Until he told me he hadn’t slept in 2 days.
“You need to take a break then, and rest.”
We drove - or rather sat - through over an hour of traffic to get into the city, and once there it was clear he was trying to take me to a hotel owned or run by a friend of his. Or at least someone who gives ‘commision’. Understandable, but I was not yet willing to relinquish my Western mindset or middle class standards and I wanted a place with a private shower...and in a neighborhood amenable to sleep. I got the former. The first hotel he pulled up to was full. Glory be. The second one overcharged for what it was, but after 24 hours of transit, and my haggling inclinations never being particularly keen, I didn’t feel like talking with the manager any longer than required to receive a room key.
The next morning I took a taxi the three hours south to Mysuru. It was fortunate because I was able to pick up a yoga mat (of all the things to forget) along the way.
Here at the ashram we are amidst seven days of abolsute silence, imposed by the guru and started on December 31st. This is waived during lectures and classes so that we may ask questions, and during Kirtan - an evening ritual where we sing mantras and other songs together before bed. Someone sang Auld Lang Syne that last night of 2018.
We are not technically supposed to leave the ashram, which is laid out on a number of hectares of vegetable fields, sprinkled and surrounded with tall coconut trees and brush. It is on the outskirts of a small, country village - itself on the outskirts of the city of Mysuru. It is composed of several concrete buildings that serve as male and female dorms, a kitchen hut, the main hall where we meditate and have class, and what looks to be the original farmhouse, now serving as the masters’ ‘dorm’.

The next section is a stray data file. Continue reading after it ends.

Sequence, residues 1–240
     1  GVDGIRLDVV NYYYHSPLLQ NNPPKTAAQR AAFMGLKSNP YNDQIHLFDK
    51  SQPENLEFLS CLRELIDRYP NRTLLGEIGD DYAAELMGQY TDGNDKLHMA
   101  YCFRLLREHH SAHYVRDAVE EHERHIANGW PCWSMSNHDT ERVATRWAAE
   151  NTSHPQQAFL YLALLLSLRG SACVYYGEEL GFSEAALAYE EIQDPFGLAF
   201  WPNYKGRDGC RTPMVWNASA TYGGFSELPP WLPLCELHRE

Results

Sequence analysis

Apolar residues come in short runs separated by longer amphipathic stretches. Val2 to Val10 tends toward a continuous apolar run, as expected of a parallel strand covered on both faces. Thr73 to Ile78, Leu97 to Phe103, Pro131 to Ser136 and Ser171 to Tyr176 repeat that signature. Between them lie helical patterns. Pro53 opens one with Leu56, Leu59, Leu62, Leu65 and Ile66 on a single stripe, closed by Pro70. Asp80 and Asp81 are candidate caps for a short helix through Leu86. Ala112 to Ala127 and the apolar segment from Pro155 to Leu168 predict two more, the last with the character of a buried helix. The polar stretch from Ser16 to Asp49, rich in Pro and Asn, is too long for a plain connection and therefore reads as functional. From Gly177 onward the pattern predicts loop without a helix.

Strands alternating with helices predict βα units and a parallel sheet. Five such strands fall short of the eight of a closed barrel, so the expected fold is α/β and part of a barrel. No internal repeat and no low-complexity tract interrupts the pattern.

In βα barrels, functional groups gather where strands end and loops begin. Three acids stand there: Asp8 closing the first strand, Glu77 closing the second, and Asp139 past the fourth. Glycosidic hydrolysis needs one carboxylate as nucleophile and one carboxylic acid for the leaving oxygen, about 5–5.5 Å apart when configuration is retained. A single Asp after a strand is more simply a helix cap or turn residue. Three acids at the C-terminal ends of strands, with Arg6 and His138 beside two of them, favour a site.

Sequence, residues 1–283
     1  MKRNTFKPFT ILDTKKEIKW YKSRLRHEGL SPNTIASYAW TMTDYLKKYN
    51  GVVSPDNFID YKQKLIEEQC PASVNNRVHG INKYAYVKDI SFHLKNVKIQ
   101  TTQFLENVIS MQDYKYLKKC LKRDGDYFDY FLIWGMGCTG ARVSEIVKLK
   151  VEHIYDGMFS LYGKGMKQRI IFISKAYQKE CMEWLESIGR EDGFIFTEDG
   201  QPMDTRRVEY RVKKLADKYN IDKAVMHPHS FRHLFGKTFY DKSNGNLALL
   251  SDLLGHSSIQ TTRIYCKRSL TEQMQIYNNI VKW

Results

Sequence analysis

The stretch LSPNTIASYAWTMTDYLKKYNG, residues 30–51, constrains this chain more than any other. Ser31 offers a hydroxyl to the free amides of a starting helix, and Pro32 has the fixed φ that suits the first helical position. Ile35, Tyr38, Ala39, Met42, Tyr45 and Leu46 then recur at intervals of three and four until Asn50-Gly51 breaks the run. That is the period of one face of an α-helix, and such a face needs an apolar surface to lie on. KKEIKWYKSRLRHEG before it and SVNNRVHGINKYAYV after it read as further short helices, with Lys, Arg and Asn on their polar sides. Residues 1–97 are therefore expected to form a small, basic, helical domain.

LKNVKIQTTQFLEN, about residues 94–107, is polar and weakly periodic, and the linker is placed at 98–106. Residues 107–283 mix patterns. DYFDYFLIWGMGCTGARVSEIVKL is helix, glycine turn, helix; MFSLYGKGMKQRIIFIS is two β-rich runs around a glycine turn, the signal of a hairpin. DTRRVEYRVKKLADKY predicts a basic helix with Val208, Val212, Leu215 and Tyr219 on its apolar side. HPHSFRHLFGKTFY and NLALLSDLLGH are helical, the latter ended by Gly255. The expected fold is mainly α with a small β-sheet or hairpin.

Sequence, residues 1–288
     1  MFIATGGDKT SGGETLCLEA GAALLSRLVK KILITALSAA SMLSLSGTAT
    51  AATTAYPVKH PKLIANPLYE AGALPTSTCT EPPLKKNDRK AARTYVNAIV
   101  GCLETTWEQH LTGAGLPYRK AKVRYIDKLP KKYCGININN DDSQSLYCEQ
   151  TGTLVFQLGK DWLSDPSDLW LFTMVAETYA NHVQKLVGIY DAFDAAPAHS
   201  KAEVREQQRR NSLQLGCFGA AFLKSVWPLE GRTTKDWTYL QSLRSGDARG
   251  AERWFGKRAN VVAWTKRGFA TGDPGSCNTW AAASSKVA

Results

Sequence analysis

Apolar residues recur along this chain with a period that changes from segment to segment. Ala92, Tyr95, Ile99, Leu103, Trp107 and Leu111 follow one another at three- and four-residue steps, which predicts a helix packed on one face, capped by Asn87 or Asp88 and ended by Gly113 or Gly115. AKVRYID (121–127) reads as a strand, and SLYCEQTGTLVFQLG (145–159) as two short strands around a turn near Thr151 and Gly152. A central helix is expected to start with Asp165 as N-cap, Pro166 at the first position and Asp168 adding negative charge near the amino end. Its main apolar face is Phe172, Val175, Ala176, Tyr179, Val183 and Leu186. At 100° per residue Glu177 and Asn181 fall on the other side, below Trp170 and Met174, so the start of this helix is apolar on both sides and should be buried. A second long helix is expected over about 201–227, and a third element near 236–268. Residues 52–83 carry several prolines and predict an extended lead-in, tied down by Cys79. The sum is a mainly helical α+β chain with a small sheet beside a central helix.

But with limited space, diverse personalities, egos and energies, all in different stages of spiritual awakening, one needs to take a walk occasionally. There is a shrine built around a large tree up the road, in the middle of a three-way intersection. It is the perfect place to walk to after First Meal (one of two vegan meals daily, plus fruit and herbal tea - no caffeine - in the morning and after lectures). The setting becomes more magical with each day. However even though an occasional walk off grounds may go intentionally unnoticed, it is important that we steer clear of the village.
When we arrived two weeks ago, the ashram was still being built around us. They had moved from their former location in Mysuru (Mysore) just before this current session began, and the feeling is a special one - seeing something new literally rise from the earth, with the purpose of teaching something ancient.
The villagers are mostly very friendly and smile when you see them on the road or on the ashram grounds, as they come in to farm or do other things. But they have specific ways of doing things within their community, and disruption to that can cause problems. Westerners with good intentions can be blamed for anything that might go awry weeks or months after they’ve left. Not to mention the propensity for unintentional cultural insensitivity. So we were told - rightly - to stay out, especially since the village leadership has significant sway over the ashram’s land lease.
We all have our daily Karma Yoga here, which is our assigned chore. I clean the toilets and showers in our dormitory. Admittedly, when our Karmas were announced at orientation, bewilderment was followed by hope that this was a rotating assignment...before I gulped acceptance.
“Do you like cleaning toilets?” my co-Karma’d newfriend Cicero half-jokingly asked me the first day we were in the bathroom together, brushing porcelain holes in the ground with blue cleaner. (These are the original Squatty Potties.) “It’s not my favorite thing,” I replied. “Well, I like it,” he said. When I looked at him quizzically, he added, “I like when toilets are clean, don’t you?” Wow. Fair enough.